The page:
10. Dishwalla – “Counting Blue Cars”

Year: 1996
Billboard Hot 100 Peak:
 No. 15
Billboard U.S. Rock Peak: No. 1

While Dishwalla is a pretty distinct name for a band, “Counting Blue Cars” is not necessarily the most grabbing song title, which can be problematic when trying to remember which one-hit wonder somebody is talking about. For future reference, this is the “Tell me all your thoughts on God” song. Dishwalla also had a single called “Charlie Brown’s Parents,” which is a much more interesting song title and makes one wonder how that song didn’t at least generate a little buzz in the wake of “Counting Blue Cars.”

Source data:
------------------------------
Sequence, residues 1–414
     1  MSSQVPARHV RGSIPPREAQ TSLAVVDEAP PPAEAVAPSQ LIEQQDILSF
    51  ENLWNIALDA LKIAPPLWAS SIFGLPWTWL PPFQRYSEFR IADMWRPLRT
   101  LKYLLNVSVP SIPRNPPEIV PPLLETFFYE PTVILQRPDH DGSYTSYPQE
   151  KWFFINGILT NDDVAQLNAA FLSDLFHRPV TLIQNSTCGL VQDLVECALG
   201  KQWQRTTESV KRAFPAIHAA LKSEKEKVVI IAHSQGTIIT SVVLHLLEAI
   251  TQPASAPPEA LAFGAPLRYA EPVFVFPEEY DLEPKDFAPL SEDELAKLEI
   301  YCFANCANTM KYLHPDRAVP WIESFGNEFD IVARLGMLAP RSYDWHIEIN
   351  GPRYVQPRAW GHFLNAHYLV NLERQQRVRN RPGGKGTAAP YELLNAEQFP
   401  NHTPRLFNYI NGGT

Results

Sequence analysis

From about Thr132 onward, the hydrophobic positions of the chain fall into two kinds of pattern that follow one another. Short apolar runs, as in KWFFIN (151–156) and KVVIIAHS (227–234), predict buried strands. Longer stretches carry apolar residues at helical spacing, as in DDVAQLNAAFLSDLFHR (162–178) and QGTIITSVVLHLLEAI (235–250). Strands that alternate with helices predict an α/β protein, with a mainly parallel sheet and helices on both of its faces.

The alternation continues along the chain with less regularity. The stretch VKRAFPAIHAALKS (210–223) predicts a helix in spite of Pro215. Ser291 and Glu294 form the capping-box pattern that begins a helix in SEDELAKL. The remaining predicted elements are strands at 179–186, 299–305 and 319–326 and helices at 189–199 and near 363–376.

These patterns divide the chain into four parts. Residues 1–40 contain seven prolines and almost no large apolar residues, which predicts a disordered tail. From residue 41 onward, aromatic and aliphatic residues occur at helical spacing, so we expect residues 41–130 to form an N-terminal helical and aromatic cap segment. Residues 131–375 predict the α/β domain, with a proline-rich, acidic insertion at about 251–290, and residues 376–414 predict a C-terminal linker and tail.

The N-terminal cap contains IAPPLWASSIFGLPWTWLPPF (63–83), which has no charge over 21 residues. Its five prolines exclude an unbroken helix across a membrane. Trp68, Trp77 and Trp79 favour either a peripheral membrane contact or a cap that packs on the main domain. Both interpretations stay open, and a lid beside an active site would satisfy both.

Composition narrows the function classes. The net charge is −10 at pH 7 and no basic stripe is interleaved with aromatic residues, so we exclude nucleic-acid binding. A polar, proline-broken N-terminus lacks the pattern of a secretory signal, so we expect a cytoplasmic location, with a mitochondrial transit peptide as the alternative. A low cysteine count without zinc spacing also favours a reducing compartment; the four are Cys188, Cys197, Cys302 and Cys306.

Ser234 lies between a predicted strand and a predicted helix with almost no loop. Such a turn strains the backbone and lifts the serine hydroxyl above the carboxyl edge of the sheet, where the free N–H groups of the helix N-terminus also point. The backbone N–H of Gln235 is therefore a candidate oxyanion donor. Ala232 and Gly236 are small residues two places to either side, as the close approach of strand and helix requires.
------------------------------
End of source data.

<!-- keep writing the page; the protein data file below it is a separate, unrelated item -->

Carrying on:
9. Spacehog – “In the Meantime”

Year: 1996
Billboard Hot 100 Peak:
 No. 32
Billboard U.S. Rock Peak: No. 1

You can probably recognize the opening yodel from this song. Also, one of the guys in the band was married to Liv Tyler for a while, so there’s that.

8. New Radicals – “You Get What You Give”

Year: 1998
Billboard Hot 100 Peak:
 No. 36
Billboard U.S. Rock Peak: No. 8

Cover your ears, Beck, Hanson, Courtney Love and Marilyn Manson. While the particular lyric taking aim at those artists has not aged well, and frankly felt weird and petty even at the time, this song had a delightful energy to it, and it still sounds fresh today. While New Radicals didn’t last, frontman Gregg Alexander has had himself a fine career as a songwriter, winning a Grammy for co-writing “The Game of Love” by Santana and Michelle Branch, and being nominated for an Oscar for his music work on the film Begin Again.

7. L7 – “Pretend We’re Dead”

Year: 1992
Billboard Hot 100 Peak:
 N/A
Billboard U.S. Rock Peak: No. 8